Hvem fant på at USA skulle benytte tortur overfor fanger? Den amerikanske hæren har hatt svært strenge regler for fangeavhør. Det skulle derfor svært mye til at man forlot en slik linje. Svaret ligger i SERE, et senter ved Fort Bragg i North Carolina, hvor man trente amerikanske soldater til å motstå nordkoreansk og vietnamesisk tortur.
Man hadde opplevd at amerikanske soldater knakk sammen under forhør i kommunistland. SERE står for Survival, Evasion, Resistance, Escape. Soldatene ble utsatt for psykisk press, for bedre å kunne klare seg i en virkelig situasjon.
Noen fikk den lyse ideen å overta kommunistlandenes forhørsmetoder og gjøre dem til sine. Det skriver M. Gregg Bloche, jusprofessor ved Georgetown University og Jonathan H. Marks, advokat og stipendiat i bioetikk ved Georgetown and Johns Hopkins-universitet.
Teknikken ble godkjent på øverste hold i Pentagon, dvs. ved Rumsfelds kontor.
Fearful of future terrorist attacks and frustrated by the slow progress of intelligence-gathering from prisoners at Guantánamo Bay, Pentagon officials turned to the closest thing on their organizational charts to a school for torture. That was a classified program at Fort Bragg, N.C., known as SERE, for Survival, Evasion, Resistance, Escape. Based on studies of North Korean and Vietnamese efforts to break American prisoners, SERE was intended to train American soldiers to resist the abuse they might face in enemy custody.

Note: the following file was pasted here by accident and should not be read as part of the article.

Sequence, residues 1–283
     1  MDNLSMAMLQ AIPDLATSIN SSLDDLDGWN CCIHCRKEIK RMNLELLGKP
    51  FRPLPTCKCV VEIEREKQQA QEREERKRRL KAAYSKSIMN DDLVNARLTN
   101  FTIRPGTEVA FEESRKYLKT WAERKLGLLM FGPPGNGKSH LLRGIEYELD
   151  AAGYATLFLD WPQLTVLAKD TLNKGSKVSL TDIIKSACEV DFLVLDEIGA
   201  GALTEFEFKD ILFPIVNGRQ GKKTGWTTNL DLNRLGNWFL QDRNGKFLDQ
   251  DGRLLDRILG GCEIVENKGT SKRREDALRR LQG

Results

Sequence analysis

The Pentagon appears to have flipped SERE’s teachings on their head, mining the program not for resistance techniques but for interrogation methods. At a June 2004 briefing, the chief of the United States Southern Command, Gen. James T. Hill, said a team from Guantánamo went «up to our SERE school and developed a list of techniques» for «high-profile, high-value» detainees. General Hill had sent this list – which included prolonged isolation and sleep deprivation, stress positions, physical assault and the exploitation of detainees’ phobias – to Secretary of Defense Donald Rumsfeld, who approved most of the tactics in December 2002.
Some within the Pentagon warned that these tactics constituted torture, but a top adviser to Secretary Rumsfeld justified them by pointing to their use in SERE training, a senior Pentagon official told us last month.
SERE methods are classified, but the program’s principles are known. It sought to recreate the brutal conditions American prisoners of war experienced in Korea and Vietnam, where Communist interrogators forced false confessions from some detainees, and broke the spirits of many more, through Pavlovian and other conditioning. Prolonged isolation, sleep deprivation, painful body positions and punitive control over life’s most intimate functions produced overwhelming stress in these prisoners. Stress led in turn to despair, uncontrollable anxiety and a collapse of self-esteem. Sometimes hallucinations and delusions ensued. Prisoners who had been through this treatment became pliable and craved companionship, easing the way for captors to obtain the «confessions» they sought.